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United States of America v. Allen Roberts

October 19, 2011

UNITED STATES OF AMERICA
v.
ALLEN ROBERTS, JR.



The opinion of the court was delivered by: Judge Conner

MEMORANDUM

Presently before the court are two motions (Docs. 140, 159) and an application (Doc. 158) filed pro se by defendant Allen Roberts, Jr. ("Roberts"). In these motions, Roberts requests that the court subpoena seven individuals and numerous documents and notes produced by these individuals, for purposes of the suppression hearing set to commence on Friday, November 4, 2011, at 9:30 a.m. (See Doc. 156).

I. Background

Roberts was criminally indicted by a federal grand jury on September 1, 2010 for a violation of 21 U.S.C. § 841(a)(1) stemming from an alleged controlled buy of crack cocaine on July 19, 2010. (Doc. 1). An arrest warrant issued the same day (Doc. 7), and Roberts was arrested the following day on September 2, 2010. Through suppression motions (see Docs. 43, 111, 112) Roberts, and former counsel on behalf of Roberts, allege numerous Fourth and Fifth Amendment violations which they believe warrant the suppression of evidence and statements obtained by law enforcement officials. Roberts' main allegations are: (1) that the search of Roberts' vehicle on the date of his arrest, September 2, 2010, violated the Fourth Amendment (Doc. 43); (2) that the video surveillance taken of the controlled buy, forming the basis of the indictment against Roberts was obtained in violation of state and federal wiretap laws (Doc. 111, at 4; Doc. 157, at 1-4); (3) that the stop of Roberts' vehicle was unlawful and he was searched and arrested in violation of his rights (Doc. 112, at 1-2); (4) that he was not given his Miranda warnings (id. at 3); and (5) that his participation in a proffer interview on September 29, 2010, was not knowing and voluntary, but coerced by his then counsel Robert Daniels, Esquire. (Doc. 112, at 3-5).

Roberts filed his first motion to subpoena individuals and documents for the suppression hearing on September 19, 2011. (Doc. 140). The court ordered Roberts to provide a description of the testimony he expected to elicit from the witnesses he sought to subpoena and its relevance to the suppression hearing. (Doc. 151). In response, Roberts filed a description of the testimony (Doc. 159), which is docketed as a motion, and an ex parte application for issuance of subpoenas for witnesses, documents, evidence and surveillance. (Doc. 158). For the reasons that follow, the court will grant the motions in part and deny them in part.

II. Discussion

Pursuant to Federal Rule of Criminal Procedure 17, the court "must order that a subpoena be issued for a named witness if the defendant shows an inability to pay the witness's fees and the necessity of the witness's presence for an adequate defense." FED. R. CRIM. P. 17(b). The rule does not provide defendants an absolute right to have witnesses or evidence subpoenaed at government expense. The court must find, in addition to financial inability to pay, that the requested witnesses are necessary for the defendant's defense. Id.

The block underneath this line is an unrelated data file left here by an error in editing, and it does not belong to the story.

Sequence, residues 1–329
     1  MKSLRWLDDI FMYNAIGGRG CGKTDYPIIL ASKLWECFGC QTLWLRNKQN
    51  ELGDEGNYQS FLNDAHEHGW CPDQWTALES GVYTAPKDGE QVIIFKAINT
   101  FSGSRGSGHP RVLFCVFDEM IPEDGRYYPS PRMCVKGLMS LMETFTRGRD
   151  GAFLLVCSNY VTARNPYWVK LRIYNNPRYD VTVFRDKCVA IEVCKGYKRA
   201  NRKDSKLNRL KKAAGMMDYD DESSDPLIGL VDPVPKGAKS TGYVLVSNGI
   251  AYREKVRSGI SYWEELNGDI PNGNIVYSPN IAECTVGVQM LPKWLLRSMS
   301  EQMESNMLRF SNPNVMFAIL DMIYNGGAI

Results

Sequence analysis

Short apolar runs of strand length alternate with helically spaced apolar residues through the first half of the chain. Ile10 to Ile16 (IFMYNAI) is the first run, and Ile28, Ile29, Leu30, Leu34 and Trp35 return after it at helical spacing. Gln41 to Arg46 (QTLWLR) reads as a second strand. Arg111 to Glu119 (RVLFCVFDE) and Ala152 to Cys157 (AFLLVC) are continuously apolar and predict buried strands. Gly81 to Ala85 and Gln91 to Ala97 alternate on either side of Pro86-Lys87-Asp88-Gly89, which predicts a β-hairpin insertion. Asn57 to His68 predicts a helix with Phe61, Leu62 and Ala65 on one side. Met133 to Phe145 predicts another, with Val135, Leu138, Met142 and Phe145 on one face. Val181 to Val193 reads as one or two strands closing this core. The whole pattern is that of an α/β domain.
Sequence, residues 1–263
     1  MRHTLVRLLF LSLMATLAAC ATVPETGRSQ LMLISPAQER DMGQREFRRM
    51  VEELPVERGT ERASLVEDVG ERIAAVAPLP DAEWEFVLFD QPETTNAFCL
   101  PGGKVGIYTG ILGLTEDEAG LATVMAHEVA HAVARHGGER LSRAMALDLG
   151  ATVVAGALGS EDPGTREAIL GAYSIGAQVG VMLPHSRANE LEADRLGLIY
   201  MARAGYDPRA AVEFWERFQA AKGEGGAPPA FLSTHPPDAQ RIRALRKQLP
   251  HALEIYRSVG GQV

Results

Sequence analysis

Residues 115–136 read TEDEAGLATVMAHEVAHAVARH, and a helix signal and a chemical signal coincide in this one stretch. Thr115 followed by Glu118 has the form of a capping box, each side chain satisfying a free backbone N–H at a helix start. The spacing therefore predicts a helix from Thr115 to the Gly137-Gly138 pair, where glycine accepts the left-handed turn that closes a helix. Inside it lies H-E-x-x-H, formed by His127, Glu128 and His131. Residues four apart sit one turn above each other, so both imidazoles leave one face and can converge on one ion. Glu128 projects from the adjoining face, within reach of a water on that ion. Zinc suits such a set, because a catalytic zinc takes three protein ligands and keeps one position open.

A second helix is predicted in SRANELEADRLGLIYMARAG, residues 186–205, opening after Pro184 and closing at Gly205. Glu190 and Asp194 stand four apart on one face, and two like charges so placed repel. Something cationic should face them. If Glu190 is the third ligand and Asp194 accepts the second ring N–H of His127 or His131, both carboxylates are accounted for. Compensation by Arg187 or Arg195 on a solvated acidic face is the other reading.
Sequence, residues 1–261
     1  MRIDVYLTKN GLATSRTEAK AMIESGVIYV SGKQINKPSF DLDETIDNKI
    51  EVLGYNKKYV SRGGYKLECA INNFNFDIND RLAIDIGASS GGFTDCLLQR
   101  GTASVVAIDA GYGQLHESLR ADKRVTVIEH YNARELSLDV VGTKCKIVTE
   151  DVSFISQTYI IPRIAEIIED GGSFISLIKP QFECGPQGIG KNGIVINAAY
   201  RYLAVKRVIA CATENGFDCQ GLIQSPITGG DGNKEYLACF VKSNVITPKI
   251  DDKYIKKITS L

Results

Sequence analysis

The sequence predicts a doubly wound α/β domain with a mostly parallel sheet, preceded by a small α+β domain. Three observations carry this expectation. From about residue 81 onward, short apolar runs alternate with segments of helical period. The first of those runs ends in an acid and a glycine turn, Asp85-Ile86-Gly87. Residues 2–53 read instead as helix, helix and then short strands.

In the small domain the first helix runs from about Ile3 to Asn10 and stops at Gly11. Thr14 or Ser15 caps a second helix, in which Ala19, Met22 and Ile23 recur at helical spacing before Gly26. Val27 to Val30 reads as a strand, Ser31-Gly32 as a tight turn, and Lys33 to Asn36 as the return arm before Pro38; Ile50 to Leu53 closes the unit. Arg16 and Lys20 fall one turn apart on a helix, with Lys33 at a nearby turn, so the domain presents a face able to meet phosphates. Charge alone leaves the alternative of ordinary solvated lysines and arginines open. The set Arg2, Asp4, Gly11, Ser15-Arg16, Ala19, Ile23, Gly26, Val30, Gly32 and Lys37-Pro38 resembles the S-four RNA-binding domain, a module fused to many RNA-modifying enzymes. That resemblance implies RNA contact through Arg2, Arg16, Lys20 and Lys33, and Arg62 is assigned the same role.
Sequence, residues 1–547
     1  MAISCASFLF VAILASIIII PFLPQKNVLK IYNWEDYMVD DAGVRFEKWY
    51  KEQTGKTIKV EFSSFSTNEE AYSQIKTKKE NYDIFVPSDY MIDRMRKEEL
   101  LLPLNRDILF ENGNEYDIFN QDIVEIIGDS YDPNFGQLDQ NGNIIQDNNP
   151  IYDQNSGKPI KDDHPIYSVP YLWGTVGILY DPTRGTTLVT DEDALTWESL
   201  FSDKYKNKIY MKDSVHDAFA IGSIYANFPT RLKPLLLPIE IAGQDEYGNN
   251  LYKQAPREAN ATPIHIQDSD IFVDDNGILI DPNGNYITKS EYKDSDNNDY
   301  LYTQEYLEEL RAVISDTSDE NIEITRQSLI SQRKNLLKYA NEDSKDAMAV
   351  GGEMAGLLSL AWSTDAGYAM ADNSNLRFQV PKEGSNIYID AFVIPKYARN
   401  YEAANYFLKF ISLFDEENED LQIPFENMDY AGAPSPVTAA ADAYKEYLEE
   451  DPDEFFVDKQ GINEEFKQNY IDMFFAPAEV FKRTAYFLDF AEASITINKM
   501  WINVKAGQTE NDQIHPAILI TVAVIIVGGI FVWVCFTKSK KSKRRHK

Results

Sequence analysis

Roberts requests that the court subpoena the following seven individuals for the suppression hearing: (1) Special Agent William Cooke; (2) Detective Jason Paul; (3) Special Agent Keith Kierzowski; (4) Officer Karl Chortanoff; (5) Officer Gray Flyth, Jr.; (6) Officer Jason Turchetta; and (7) Officer Corey Dickerson. (Doc. 140, at 2). The government has informed the court that it will present testimony from Special Agent Kierzowski, and Officer Chortanoff. Roberts' request to subpoena these two individuals is therefore denied as moot. The court will address the request for the remaining five individuals and evidence.

A. Special Agent Cook

Roberts requests that the court subpoena Special Agent Cooke on his behalf, asserting that Special Agent Cooke arrived at the Lower Paxton Police Department after being contacted by Special Agent Kierzowski subsequent to the arrest, and that Special Agent Cooke later conducted the proffer interview on September 29, 2010. (Doc. 159, at 3-4). The court will grant the request. Although Roberts does not allege any conduct by Special Agent Cook relevant to his claims of illegal search and seizure violations relating to the arrest, with respect to the proffer interview, the court finds that the testimony of Special Agent Cooke, is necessary to determine the voluntariness of Roberts proffer interview. The court will subpoena Special Agent Cooke for the suppression hearing.

B. Detective Paul

Roberts avers that Detective Paul arrived at the scene of the arrest shortly after Roberts was arrested by Officer Chortanoff. Roberts contends that Detective Paul seized his vehicle and removed it from the arrest scene. (Doc. 159, at 2). Roberts also asserts that Detective Paul performed the video surveillance of the controlled buy for which Roberts was indicted. (Id.) The court will grant the request to subpoena Detective Paul. Detective Paul was involved in two activities challenged by Roberts through his suppression motions: the seizure of the vehicle and the video surveillance.

C. Officer Flyth

Roberts seeks to subpoena Officer Flyth alleging that Officer Flyth prepared the inventory report of the items seized from Roberts' person and vehicle. (Doc. 159, at 3). The court will deny the request. The inventory report is irrelevant to whether the search and ...


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